Signs of Spring Everywhere Signs of Spring Everywhere
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Signs of Spring Everywhere Update: March 1, 1999

Today's Report Includes:

Lighten Up!
In the middle of winter, newspaper carriers in Duluth, Minnesota (47.11, -91.85), work in the dark. Papers have to be delivered by 6:30 am, so carriers are outside by 5:45 or 6:00. In the past few weeks, they've been noticing the sky brightening by the time they finish, and now it's bright in the east by the time they start out. Sunrise today, March 1, 1999, is at 6:49 am in Duluth, so unless papers are late, carriers don't see the actual sunrise yet, but in a couple of weeks they'll be seeing the sun come up as they deliver papers.

What time is sunrise where you live? What day this month will your city have the exact same length of day as Duluth, Minnesota? (If you don't know when sunrise or sunset are where you live, you can find out here: worldwide sunrise times US sunrise times.) To learn more about how light affects animals, try Journey North's Seeing the Light lesson, also in the printed Teacher's Manual on page 93.

Just Duckie
Birds don't deliver papers, but they also detect changes in daylight. Right now ducks are starting their journey north. Throughout the continent, birders are reporting the new arrivals. Wally Jobman is Journey North's correspondent from the Platte River of Nebraska, right smack in the center of things. He wrote, "As usual there were many overwintering Mallards along the Platte River, especially since it was an "open" winter without much ice or snow cover. Many pintails, shovelers, and teal are presently migrating across Nebraska. From my few observations, numbers appear to be normal."

Duck Watching Tips for This Week:
  • How many different species can you find?
  • How many are alone, how many in pairs, how many in small groups, and how many in flocks?
  • Are all the ducks in the water? Can you find any ducks in other places?
  • Virtually all ducks are in their adult plumage now, so count males and females.

Usually our counts show more males than females. When nesting begins, that difference will get much bigger. Which leads us to this week's:

Challenge Question #4
"Name at least two different reasons why we usually count more male than female ducks in spring."

(To repond to this question, please follow the instructions below.)

Neotropical migrants have no idea what the weather will be like on the other side of the Gulf of Mexico when they strike out. They time their migration by daylength. But many ducks spent their winter in North America. Their migratory restlessness seems to develop as a combination of opening water and increasing daylength. It can be tricky for us to figure out which individual ducks arrived from farther south and which were nearby all winter, but we CAN watch one sure sign of spring. At the same time that they're migrating, drakes (male ducks) that don't already have a mate are trying to attract one. It's fun watching drakes try to get the attention of hens. Some use bright feathers and noisy quacks to impress females, but one, the Common Goldeneye, has a spectacular mating display.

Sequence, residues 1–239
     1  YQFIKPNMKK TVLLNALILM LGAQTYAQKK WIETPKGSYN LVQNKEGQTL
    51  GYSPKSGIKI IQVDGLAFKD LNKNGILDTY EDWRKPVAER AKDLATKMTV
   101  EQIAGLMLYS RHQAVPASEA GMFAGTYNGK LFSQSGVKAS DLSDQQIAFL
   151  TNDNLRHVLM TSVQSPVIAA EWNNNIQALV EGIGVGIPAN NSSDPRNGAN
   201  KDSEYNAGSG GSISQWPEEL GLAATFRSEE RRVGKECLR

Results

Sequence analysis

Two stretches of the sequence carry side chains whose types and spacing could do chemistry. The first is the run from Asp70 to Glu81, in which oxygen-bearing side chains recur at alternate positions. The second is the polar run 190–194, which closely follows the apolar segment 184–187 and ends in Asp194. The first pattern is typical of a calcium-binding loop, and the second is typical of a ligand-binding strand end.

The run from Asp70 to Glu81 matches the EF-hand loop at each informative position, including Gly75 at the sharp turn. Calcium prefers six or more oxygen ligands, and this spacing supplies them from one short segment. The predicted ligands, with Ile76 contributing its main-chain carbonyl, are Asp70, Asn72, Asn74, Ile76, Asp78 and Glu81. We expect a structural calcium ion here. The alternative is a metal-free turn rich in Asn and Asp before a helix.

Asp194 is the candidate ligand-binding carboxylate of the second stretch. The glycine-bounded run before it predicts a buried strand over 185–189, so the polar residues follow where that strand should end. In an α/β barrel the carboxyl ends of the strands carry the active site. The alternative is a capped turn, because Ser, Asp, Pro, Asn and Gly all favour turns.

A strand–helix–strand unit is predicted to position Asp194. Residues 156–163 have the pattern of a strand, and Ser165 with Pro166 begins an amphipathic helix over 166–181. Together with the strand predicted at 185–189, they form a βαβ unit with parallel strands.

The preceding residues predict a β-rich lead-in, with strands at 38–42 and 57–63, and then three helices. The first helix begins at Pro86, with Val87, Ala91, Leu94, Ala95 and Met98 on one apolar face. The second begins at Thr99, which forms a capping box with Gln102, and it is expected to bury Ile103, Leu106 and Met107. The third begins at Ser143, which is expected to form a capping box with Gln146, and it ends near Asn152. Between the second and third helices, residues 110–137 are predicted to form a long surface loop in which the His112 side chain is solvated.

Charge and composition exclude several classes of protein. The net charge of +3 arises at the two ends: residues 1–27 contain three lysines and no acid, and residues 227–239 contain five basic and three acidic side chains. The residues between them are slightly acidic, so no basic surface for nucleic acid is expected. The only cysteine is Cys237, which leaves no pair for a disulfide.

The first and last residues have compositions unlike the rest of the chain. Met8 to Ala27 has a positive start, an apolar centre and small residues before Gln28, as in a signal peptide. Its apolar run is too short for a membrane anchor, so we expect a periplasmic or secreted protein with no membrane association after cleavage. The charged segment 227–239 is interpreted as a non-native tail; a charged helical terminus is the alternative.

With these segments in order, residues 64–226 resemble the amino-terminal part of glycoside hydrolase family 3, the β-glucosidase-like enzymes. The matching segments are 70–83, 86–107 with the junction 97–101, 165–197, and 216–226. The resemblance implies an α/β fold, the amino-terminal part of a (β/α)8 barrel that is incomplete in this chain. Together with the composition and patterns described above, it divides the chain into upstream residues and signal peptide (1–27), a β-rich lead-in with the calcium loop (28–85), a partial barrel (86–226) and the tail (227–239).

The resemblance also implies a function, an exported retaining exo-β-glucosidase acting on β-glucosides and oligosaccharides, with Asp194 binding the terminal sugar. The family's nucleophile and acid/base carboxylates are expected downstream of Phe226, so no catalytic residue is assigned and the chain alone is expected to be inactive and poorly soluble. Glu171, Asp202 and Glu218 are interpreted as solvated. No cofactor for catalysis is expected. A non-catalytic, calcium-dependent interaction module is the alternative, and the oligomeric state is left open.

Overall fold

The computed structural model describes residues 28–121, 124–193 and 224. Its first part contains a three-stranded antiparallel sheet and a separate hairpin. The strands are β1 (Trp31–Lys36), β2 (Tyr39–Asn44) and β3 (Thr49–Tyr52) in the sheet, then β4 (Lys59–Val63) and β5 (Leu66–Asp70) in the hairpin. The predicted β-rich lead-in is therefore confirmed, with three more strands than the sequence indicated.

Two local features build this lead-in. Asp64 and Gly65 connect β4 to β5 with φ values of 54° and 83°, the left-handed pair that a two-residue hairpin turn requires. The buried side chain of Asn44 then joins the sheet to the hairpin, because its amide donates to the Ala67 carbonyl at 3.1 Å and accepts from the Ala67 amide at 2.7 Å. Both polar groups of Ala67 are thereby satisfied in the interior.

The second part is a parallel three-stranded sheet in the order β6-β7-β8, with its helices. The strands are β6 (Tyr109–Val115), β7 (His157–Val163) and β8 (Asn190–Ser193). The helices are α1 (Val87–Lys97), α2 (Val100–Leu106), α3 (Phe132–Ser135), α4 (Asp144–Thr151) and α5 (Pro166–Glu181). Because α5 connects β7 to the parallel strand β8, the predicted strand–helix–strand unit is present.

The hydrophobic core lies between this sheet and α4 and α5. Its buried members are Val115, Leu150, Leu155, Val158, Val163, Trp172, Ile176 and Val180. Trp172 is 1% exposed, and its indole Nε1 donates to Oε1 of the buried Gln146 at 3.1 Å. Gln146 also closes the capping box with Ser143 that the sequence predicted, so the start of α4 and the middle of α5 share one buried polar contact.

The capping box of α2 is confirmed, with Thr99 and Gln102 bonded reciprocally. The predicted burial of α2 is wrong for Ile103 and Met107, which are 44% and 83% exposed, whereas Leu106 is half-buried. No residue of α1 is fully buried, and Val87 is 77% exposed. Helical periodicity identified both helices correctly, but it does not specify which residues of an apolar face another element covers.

Observation from the Past

Photo: Dave Rintoul, Patuxent Bird ID Info Center

Here's a description of the courtship written by Dr. Charles W. Townsend in 1910: "One or more males swim restlessly back and forth and around a female. The feathers of the cheeks and crest of the male are so erected that the head looks large and round, the neck correspondingly small. As he swims along, the head is thrust out in front close to the water, occasionally dabbling at it. Suddenly he springs forward, elevating his breast, and at the same time he enters on the most typical and essential part of the performance. The neck is stretched straight up, and the bill, pointing to the zenith, is opened to emit a harsh, rasping double note, "zzee-at"? The head is then quickly snapped back until the occiput (back of the head) touches the rump, whence it is brought forward again with a jerk to the normal position. As the head is returned to its place the bird often springs forward kicking the water in a spurt out behind, and displaying like a flash of flame the orange-colored legs."

How to Respond to Today's Challenge Question
1.Address an e-mail message to:
2. In the Subject Line of your message write: Challenge Question # 4
3. In the body of your message, answer the question.

The Next Signs of Spring Update Will be Posted on March 15, 1999

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